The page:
Do we experience such kindness in Canada? I know that we do, I know that I have. Where you can be in the worst of situations but all of a sudden you are reminded of the complete and utter amazingness that is human nature.

What if everyone could just shift a little closer, all of those tiny little movements making a big difference in the comfort of others?

Yikes, humans are amazing.  I hope that wherever you are reading this you think back to a time when there was so much joy radiating through your body that you could hardly stand it!

Signing off,

The luckiest girl in the world

Categories: Uncategorized

today I ranted

July 2, 2010 14 comments

Today I ranted. A big rant. A rant that went in whatever direction it could. The kind where you wish it had been recorded, because you are pretty sure, between the chaos, it was pure genius. Passion does that to a gal.

I have lived in countries where the divide between men and women is huge. In Bulgaria, in Guatemala, in Mexico, in Canada.

But today, in Zambia, I just didn’t want to hear it.

Everywhere I look, I see women, women working–children on their backs, maize on their heads, jugs of water in their hands, all of this simultaneously.

I see women husking maize, I see women cooking, and cleaning, I see them farming. I see them working at the hospitals and in the shops. I see them at the market. I see them walking to school. They are in the backs of trucks covered in dirt. I see them climbing, running, walking.

So when a man asks me “as a woman, you think you can do that?”

I tell him to look around. Look at his world. Open his eyes and see. “Look around” I say. As a woman, I see woman doing it all. I see a young mother with her baby on her back climbing into the back of a big truck. I see her throwing her leg over the side, and hoisting herself up, muscles strong and confident. I see the men sitting in cab, waiting.

The women I see, are doing, they are doing it all. They are the ones that make this country move. They are the backbone, the muscle, the skin, the nerves and the brain of this operation.

Women are the ones who actually talk to me, they are the ones who smile at me in the market. The women remember my name and say hello. It is the Zambia women who have opened their arms to me.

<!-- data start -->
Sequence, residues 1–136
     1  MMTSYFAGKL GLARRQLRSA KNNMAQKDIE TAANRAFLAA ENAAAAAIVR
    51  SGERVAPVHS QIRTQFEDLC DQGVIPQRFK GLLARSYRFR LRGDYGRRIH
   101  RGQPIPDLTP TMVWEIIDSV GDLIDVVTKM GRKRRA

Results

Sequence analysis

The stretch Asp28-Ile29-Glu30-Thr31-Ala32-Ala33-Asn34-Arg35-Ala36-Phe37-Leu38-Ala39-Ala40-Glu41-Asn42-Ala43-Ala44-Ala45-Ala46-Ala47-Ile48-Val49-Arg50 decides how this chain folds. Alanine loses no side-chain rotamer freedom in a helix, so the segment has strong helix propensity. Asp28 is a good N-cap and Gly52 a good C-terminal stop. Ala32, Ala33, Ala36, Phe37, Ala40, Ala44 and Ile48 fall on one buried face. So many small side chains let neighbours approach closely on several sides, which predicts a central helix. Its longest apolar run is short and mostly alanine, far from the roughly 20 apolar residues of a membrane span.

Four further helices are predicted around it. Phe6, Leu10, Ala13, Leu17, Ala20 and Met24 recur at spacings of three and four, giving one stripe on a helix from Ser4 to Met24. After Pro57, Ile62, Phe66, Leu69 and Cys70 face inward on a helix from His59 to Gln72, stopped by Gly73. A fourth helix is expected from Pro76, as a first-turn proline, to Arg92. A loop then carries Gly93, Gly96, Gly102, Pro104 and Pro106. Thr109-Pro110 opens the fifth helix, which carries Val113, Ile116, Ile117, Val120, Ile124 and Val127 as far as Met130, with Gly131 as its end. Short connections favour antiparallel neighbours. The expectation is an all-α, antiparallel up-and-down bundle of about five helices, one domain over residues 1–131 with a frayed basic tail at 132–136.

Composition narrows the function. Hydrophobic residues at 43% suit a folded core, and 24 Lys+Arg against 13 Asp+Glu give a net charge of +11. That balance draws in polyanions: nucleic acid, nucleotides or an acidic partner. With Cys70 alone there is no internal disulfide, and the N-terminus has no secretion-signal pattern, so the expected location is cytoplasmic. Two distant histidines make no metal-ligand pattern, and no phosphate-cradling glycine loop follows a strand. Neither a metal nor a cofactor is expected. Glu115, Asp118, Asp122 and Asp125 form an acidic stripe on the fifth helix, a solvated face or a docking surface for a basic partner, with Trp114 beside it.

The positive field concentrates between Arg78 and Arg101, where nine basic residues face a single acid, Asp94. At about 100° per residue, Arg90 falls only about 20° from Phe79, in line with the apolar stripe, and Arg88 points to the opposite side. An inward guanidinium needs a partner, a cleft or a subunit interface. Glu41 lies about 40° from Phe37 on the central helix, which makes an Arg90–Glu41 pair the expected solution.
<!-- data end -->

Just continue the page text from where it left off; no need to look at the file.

I live with Sister Jean and her niece Eliza. At nights when the dishes are washed and put away, our conversation often turns to many things, but the other night is was women. Sister Jean is the breadwinner in her family. And her family is big. She argues with men. She is feisty. We are both brought to tears when we speak of HIV/AIDS in this country and the women who have very little control over their own bodies.

I see her as a leader in her community. And as a woman she can do anything. Because she will never let a man tell her she cannot.

That was my rant, let me know your thoughts!

Categories: Uncategorized

Truck Driver Wisdom

July 2, 2010 1 comment

The sun is starting to set, I am in a town that is unknown to me. I know the next mini-bus is at least an hour away. I take my chances on a transport truck. I flag him down, typical Zambian style. My arm out, trying to look desperate. The transport slows, and I walk up to the door. I ask if they are going to Kabompo and might have room for one more. I get the knod from the driver and I am in. He asks how much I have, and I reply “not much”, with a smile. 10 pin,  which is the same as the mini bus. I agree, he agrees. We are off.

Beside me is a woman and her young child, asleep. There is also a man, he is chatty, asking me where I come from and what I am doing and of course if I am learning either Lavale or Lunda. I give him the run down of my language ability. He is mildly impressed as we laugh.

He has a plastic bag with him, I see he has his toothbrush and an old tin cup. The necessities’ of life he tells me, when he catches my eyes looking.

The road is a dangerous mixture of sand and gravel. Bumpy from overuse and big trucks– like this one. The driver is good, I feel safe.

It is always something to be so close to people, physically close. Our legs touching, her baby’s head grazing my shoulder.

I learn that the woman is 21, her birthday is September 5th, she has two children. The eldest is 5.

The sun dips lower in the sky, I am tired, and I just want to get home. The driver turns to me, he says “you must be very brave”. I laugh, “I am not sure I understand” I say.

He tells me that I am in a place I have never been before, in a country where people don’t speak like me, act like me, or even look like me. He says he would never go to Canada. He would never be brave enough; he has too much fear of unknown things and places.

I say “people are kind and this is the adventure.” It isn’t bravery. I tell him he is braver then me, he is brave because he also visits places unknown, he drives across the country. Into strange lands where he knows no one. He does it because he has to, because it is his adventure. It is his bravery that brings him to places to Kabompo. His adventure has a family counting on it, his adventure will always be bigger then mine.  His bravery will always mean more.

I say these words, and he smiles, he knows this true. Our adventures do not compare, and most importantly our bravery is not even measured in the same units.

We continue to talk about adventures–bumpy roads present in each. We speak of the people we have met and the breakdowns we have had.  It is a wonderfully long way back to Kabompo.

I ask to be dropped at the market, he tells me tomorrow he is driving to Chingola. Bad roads most of the way, weighed down with a load of maize.

As I hop down from the cab, the driver smiles and me he tells me to enjoy my adventure my reply to him is to do the same.

Categories: Uncategorized